Center for Strategic Communication

This birdlike drone of unknown origin was found by Iraqi Hezbollah and also appeared in the Pakistani tribal areas. Image via David Cenciotti

It wasn’t just Pakistan. The weird, vaguely avian drone of unknown origin that curiously showed up in Pakistan last year apparently made a different flight — to Iraq. It may have even migrated to Pakistan from Basra.

In August 2011, Pakistani forces recovered a small, silver, unarmed aircraft that had crashed in Balochistan province. With silver wings and a span about the size of a grown man’s outstretched arms, the drone was clearly more than a hobbyist’s toy: the remains of a camera were near the crash site, a camera that fit into the robotic bird’s belly, ostensibly for spying on insurgents. No one claimed responsibility for the drone, but when Danger Room checked into it, we found it suspiciously reminiscent of Festo’s SmartBird, a drone that used the herring gull to inspire its design, although there were enough differences in the wings, tail and fuselage to render it distinct.

The mystery continues. A reader of David Cenciotti’s Aviationist blog found new imagery of the unknown bird, from at least two years before its Pakistani excursion. And apparently, its earlier spotters were Iraqi insurgents.

The image above, along with a few others on The Aviationist, come from Iraqi Hezbollah, a Shia insurgent group that despite its name isn’t an adjunct of Iran’s Lebanese proxies. Iraqi Hezbollah date its photos of the mystery drone to May 2009 in Basra, a major city in southern Iraq. Back then, U.S. troops were training their Iraqi counterparts on new-line intelligence, surveillance and reconnaissance systems. Hmm.

The imagery doesn’t shed much new technical light on the mystery drone. But the specs show the same species of robot that made its fateful summer 2011 flight in Pakistan: flapping wings; trapezoidal tail feather; spherical camera in belly. To the untrained eye, there are two apparent differences: the Pakistani drone has an underside tail fin on the rear feather that the Iraqi model lacks; and the Iraqi drone is a duller color than the reflective silver of the model from Pakistan. Nevertheless, Cenciotti writes, “The fact that it was probably already flying in Iraq two years before crashing in Pakistan, proves that the bird-like UAV is not a toy but a small combat proven spy drone.”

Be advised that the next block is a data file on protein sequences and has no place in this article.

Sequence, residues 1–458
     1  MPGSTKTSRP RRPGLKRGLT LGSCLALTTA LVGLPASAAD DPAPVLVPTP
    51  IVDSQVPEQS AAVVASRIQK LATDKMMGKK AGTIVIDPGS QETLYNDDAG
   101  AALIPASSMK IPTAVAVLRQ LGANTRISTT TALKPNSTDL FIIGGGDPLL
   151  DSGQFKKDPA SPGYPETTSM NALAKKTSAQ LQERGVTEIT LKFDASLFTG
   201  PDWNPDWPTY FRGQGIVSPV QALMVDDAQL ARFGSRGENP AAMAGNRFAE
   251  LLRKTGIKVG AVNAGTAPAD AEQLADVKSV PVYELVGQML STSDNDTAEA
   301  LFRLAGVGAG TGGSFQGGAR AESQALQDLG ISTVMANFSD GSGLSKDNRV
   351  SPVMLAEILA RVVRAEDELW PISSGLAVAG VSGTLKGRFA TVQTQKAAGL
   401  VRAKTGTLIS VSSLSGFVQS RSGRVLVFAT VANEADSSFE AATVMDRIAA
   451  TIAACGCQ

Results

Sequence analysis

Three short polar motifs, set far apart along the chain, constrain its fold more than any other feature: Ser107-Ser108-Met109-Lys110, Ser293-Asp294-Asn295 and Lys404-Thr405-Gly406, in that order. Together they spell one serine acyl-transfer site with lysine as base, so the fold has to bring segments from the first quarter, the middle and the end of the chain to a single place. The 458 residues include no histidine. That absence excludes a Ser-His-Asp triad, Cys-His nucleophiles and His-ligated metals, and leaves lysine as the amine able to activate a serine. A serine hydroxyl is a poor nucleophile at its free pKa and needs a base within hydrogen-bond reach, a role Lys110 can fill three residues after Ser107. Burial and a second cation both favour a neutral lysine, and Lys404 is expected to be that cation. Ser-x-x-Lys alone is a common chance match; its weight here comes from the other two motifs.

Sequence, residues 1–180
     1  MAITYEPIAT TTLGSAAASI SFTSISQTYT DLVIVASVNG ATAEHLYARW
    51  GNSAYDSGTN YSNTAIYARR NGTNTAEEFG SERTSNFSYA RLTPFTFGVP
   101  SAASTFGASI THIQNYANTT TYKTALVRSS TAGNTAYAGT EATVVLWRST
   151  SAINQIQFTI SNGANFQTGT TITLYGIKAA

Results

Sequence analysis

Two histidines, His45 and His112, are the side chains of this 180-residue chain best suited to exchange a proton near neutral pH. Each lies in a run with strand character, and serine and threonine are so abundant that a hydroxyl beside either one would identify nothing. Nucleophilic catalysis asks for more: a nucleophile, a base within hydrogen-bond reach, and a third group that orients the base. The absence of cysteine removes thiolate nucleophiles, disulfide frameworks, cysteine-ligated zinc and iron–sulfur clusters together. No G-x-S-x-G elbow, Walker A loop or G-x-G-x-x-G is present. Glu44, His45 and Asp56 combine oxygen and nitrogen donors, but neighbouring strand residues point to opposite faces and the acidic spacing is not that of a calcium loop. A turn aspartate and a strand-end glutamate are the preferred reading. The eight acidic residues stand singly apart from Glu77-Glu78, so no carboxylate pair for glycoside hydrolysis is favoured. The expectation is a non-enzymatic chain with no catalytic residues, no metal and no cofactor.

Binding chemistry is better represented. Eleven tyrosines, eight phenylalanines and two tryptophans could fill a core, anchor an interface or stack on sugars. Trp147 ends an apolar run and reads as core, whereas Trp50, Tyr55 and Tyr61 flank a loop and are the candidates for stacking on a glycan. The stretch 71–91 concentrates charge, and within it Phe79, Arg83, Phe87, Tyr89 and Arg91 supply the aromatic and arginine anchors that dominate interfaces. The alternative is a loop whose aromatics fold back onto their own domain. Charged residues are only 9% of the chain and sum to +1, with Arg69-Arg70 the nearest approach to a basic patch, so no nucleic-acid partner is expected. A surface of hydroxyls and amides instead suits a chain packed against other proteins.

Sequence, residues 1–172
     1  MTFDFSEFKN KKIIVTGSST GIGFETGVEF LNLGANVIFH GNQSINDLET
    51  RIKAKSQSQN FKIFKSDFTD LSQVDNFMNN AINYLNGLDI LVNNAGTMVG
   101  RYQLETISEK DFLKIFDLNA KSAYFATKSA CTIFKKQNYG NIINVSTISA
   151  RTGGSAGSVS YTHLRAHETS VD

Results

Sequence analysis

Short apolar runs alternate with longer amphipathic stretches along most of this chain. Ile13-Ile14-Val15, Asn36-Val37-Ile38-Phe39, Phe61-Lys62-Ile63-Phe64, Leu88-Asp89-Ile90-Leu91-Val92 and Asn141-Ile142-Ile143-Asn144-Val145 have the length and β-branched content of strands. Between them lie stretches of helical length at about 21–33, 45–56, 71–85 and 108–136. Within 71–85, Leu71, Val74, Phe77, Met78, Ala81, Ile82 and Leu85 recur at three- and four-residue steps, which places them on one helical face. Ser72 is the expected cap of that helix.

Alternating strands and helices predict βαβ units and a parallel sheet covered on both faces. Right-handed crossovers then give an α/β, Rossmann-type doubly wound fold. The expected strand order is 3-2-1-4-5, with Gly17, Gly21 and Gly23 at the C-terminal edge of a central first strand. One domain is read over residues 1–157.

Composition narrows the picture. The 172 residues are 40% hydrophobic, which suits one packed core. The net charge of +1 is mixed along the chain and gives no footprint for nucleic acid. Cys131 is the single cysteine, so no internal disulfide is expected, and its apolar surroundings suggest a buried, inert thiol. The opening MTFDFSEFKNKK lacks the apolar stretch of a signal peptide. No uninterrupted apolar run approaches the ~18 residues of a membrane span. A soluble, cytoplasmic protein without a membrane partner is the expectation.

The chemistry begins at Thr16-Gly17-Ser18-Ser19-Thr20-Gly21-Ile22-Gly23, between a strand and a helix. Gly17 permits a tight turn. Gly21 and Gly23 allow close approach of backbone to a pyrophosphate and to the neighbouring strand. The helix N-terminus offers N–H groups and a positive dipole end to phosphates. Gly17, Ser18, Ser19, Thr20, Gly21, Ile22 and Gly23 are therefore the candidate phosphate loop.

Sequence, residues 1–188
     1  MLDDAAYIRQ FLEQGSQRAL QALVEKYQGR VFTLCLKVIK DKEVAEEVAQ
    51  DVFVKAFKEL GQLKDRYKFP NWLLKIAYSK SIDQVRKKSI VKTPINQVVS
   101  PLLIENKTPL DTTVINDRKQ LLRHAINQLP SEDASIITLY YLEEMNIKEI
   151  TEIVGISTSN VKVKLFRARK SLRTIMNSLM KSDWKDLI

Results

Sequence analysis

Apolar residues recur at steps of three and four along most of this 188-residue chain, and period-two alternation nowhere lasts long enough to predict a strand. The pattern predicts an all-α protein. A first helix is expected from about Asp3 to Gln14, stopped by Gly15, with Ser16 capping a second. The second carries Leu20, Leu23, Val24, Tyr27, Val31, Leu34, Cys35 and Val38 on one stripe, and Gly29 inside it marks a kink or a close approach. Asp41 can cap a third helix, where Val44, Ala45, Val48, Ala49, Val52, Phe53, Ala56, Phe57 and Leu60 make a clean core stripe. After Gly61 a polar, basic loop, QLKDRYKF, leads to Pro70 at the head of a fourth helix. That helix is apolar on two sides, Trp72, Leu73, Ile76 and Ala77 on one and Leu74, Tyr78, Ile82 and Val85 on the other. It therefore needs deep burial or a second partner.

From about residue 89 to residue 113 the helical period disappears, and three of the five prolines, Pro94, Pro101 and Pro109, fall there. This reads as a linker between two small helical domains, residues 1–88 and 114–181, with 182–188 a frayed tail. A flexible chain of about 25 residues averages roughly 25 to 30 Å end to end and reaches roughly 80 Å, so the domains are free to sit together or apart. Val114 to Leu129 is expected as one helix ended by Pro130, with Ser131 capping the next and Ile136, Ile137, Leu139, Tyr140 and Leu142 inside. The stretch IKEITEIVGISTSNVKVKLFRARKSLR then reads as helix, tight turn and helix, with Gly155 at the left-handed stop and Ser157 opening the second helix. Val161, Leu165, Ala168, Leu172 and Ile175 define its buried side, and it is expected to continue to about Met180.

If the mystery drone was in use in Iraq, or anywhere else, earlier than 2009, we’re unaware of it. It’s worth noting that the Air Force is experimenting with small drones modeled after birds, the better to conceal from watchful insurgent eyes. And it’s of course suspicious that the drone has appeared in two of the places that the U.S. military is most interested in, at the times when the military was most interested in them. But the military hasn’t acknowledged keeping any drone like this in its robotic aerie — so now we’re wondering where the mystery drone will turn up next.